Health Highlights: June 9, 2011

Here are some of the latest health and medical news developments, compiled by the editors of HealthDay:

More Illnesses, Another Death in E. Coli Outbreak

Another person in Germany has died in the E. coli outbreak and 160 more have been reported ill, the country's national disease control center said Thursday.

So far, 2,808 people have been reported sickened in Germany, including 722 with a serious complication that can cause kidney failure, according to the Robert Koch Institute, the Associated Press reported.

There have been 97 people reported sick in 12 other European countries, as well as three in the United States, the World Health Organization said.

Deaths from the E. coli outbreak total 27 -- 26 in Germany and one in Sweden.

The source of the outbreak has not been identified, the AP reported.

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Boost Efforts to Eliminate HIV/AIDS: Obama

Countries around the world need to do more to eliminate HIV/AIDS, U.S. President Barack Obama said Wednesday in a statement marking the 30th anniversary of the fight against the disease.

An aggressive global response has reduced the number of infections and deaths but tens of millions of people still live with the disease and about two million die every year, Obama noted, USA Today reported.

He said the United States is a global leader in the fight against AIDS and will continue to do its part, but added that more nations need to do their part.

"Together, we can resolve to meet our shared responsibilities. Together, we can come closer to our vision of a world without HIV/AIDS," Obama said.

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Many Sexual Assaults Within VA System Unreported

Many sexual assaults that occur within the Veterans Affairs system aren't being reported to high level officials, says a Government Accountability Office (GAO) audit released this week.

Investigators found that VA leadership officials and the VA Inspector General's Office were not informed about 284 of the 300 sexual assault incidents reported to VA police between January 2007 and July 2010, CNN reported.

The sexual assault incidents included rape, forced or inappropriate oral sex, inappropriate touching, and forceful medical examinations. Both men and women were the victims of these sexual assaults. Attackers and victims included VA employees, patients and people with no connection to the VA.

Of the 67 rape allegations, nearly two-thirds were not reported to the VA Inspector General's Office, as required by VA regulation, CNN reported.

A hearing on the issue has been scheduled for Monday by the House Committee on Veterans Affairs.

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Sharp Rise in Workers' Share of Health Insurance Premiums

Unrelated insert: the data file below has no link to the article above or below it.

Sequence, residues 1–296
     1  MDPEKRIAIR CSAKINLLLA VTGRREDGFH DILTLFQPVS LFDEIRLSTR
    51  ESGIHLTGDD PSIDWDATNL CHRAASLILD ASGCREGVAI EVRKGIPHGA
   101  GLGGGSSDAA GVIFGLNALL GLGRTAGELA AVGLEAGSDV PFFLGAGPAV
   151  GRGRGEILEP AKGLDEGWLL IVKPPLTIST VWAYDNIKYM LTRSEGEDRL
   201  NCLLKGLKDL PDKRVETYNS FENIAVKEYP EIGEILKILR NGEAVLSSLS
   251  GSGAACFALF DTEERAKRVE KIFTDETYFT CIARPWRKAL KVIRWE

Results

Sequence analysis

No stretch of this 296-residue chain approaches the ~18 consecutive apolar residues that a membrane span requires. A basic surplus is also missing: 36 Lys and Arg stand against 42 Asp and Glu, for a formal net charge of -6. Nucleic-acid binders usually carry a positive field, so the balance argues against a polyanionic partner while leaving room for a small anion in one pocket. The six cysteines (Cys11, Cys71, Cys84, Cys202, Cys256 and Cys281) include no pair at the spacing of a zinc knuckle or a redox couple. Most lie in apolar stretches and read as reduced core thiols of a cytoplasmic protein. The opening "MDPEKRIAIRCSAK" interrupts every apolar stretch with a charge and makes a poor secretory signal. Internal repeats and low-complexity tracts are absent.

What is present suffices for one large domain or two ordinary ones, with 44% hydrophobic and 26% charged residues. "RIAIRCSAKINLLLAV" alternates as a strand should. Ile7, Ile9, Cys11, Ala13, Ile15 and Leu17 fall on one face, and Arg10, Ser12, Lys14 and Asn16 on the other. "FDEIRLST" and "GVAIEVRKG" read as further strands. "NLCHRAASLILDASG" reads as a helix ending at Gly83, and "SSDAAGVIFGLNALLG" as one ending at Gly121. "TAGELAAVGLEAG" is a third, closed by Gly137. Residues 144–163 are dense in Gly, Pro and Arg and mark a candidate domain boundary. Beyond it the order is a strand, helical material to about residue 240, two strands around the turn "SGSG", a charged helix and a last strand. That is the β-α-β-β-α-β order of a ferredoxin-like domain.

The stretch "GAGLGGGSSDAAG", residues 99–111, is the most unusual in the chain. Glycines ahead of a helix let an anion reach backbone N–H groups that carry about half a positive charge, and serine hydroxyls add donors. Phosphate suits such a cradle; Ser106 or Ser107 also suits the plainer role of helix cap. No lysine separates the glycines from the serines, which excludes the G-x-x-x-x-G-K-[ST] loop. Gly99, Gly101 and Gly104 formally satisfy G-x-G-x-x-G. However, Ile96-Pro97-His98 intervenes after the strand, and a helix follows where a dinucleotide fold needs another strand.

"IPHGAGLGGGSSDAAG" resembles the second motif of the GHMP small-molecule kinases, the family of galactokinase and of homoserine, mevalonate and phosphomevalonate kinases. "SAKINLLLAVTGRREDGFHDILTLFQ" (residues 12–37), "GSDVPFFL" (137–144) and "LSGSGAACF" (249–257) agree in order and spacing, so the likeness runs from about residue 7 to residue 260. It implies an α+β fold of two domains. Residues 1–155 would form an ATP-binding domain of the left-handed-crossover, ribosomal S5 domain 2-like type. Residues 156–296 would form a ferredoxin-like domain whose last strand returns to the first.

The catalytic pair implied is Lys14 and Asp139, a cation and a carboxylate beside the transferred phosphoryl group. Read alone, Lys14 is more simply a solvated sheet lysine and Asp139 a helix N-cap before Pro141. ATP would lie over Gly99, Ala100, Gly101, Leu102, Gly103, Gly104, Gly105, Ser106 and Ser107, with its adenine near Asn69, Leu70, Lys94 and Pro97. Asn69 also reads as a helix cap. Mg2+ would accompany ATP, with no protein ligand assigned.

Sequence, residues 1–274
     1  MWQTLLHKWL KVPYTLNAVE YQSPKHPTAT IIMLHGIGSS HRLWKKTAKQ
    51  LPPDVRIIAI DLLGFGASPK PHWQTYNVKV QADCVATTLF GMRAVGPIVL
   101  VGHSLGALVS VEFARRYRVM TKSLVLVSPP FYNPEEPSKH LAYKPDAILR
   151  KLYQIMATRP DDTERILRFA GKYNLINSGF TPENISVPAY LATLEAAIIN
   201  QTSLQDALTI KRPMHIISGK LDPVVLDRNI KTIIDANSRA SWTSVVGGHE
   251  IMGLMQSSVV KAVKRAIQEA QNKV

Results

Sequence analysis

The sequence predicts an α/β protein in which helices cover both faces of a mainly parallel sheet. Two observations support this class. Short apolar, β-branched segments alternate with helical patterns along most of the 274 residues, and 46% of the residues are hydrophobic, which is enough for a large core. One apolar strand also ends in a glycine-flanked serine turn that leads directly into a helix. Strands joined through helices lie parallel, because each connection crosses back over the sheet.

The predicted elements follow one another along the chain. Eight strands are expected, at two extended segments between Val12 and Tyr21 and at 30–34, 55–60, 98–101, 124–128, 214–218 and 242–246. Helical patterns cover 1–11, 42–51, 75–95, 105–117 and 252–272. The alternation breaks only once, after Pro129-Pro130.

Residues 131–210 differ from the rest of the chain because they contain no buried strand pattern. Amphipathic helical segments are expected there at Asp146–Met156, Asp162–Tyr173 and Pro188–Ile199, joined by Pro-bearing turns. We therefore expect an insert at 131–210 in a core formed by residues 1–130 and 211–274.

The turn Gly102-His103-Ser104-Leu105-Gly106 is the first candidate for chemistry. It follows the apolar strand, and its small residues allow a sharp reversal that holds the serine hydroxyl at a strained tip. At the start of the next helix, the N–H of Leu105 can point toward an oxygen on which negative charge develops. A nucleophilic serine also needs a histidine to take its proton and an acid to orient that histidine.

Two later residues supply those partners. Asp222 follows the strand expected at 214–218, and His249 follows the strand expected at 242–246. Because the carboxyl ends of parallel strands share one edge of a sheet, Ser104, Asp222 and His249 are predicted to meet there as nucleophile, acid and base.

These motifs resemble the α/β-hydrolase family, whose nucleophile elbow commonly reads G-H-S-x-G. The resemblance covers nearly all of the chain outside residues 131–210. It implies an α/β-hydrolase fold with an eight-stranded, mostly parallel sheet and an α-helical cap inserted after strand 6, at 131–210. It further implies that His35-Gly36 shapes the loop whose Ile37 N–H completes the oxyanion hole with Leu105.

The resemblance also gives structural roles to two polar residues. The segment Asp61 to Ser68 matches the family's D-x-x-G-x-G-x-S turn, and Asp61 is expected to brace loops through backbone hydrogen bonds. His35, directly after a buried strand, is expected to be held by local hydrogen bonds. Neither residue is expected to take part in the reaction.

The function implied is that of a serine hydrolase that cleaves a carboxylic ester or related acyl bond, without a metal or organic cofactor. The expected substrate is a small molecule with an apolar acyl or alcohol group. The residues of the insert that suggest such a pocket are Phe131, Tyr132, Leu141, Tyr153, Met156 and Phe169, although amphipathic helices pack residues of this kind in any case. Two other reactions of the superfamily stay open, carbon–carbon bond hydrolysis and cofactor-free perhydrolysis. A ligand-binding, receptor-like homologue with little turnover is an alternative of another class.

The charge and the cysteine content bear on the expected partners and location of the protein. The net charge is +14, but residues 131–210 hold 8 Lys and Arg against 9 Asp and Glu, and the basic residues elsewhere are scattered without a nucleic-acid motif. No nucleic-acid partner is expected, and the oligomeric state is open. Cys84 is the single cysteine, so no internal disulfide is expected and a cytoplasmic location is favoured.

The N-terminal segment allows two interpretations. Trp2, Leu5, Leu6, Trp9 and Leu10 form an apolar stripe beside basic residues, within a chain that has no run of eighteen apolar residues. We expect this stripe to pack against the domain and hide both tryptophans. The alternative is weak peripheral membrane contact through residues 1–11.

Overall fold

The share of health insurance premiums paid by workers at private-sector companies rose sharply between 2001 and 2009, says a U.S. government report.

The average annual premium share for workers with employee plus-one-coverage increased 121 percent, from $1,070 to $2,363. The average annual contribution for workers with family coverage rose nearly 100 percent, from $1,741 to $3,474, while there was a 92 percent increase for employees with single coverage, from $498 to $957.

During that same time, the total average premium for employer-sponsored health plans rose more slowly, according to the latest News and Numbers from the Agency for Healthcare Research and Quality.

Premiums increased from $5,463 to $9,053 (66 percent) for an employee-plus-one plan, from $7,509 to $13,027 (73.5 percent) for a family plan, and from $2,889 to $4,669 (62 percent) for a single plan.

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In Mice, Drug Helps Heart Repair Itself

A drug designed to help the heart repair itself after a heart attack proved successful in mice.

Researchers at University College London in the U.K. found that the drug, thymosin beta 4, was able to "prime" the heart for repair if it was given to mice before a heart attack, BBC News reported.

The ability of the heart to pump out blood increased 25 percent in the mice, scar tissue was reduced, and the walls of the heart became thicker, according to the researchers.

The findings appear in the journal Nature.

Currently, damage caused by a heart attack is considered permanent. Heart self-repair is the "holy grail of heart research," but any such treatment in humans is years away, the British Heart Foundation told BBC News.

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All-Electronic, Home-Based Drug Study a First

Patients will use smartphones and computers to take part in a new drug trial believed to be the first all-electronic, home-based study of a drug approved by the U.S. Food and Drug Administration.

Pfizer Inc. said the findings from the study of the overactive-bladder drug Detrol will be compared to a previous, traditional study of the drug that included 600 patients, the Wall Street Journal reported.

Patients for the new study are being recruited through Internet ads and directed to the study's website.

If successful, the methods used in the all-electronic study might eventually help reduce the high cost of getting new medicines to market, a Pfizer official told the Wall Street Journal.

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Posted: June 2011


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